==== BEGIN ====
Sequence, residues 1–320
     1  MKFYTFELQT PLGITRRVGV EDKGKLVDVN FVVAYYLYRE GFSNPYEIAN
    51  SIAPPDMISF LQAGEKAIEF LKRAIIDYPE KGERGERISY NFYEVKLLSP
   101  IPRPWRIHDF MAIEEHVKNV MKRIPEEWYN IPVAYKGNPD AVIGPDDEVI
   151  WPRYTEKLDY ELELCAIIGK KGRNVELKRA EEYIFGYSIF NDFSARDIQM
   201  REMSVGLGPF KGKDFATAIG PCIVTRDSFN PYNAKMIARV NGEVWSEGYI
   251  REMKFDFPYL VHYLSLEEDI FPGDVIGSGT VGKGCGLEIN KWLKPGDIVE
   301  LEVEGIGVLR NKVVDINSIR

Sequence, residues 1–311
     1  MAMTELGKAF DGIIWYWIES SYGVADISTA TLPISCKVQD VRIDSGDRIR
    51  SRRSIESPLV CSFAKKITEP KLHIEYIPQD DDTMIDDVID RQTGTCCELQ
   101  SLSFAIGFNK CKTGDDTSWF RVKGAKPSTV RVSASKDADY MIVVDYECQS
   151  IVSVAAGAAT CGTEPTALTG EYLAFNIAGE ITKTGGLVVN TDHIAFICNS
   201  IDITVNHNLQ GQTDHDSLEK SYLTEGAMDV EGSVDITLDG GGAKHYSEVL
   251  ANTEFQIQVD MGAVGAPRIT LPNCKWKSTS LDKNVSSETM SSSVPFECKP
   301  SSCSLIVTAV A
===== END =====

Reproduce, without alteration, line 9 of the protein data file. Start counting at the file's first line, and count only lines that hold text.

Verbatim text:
Sequence, residues 1–311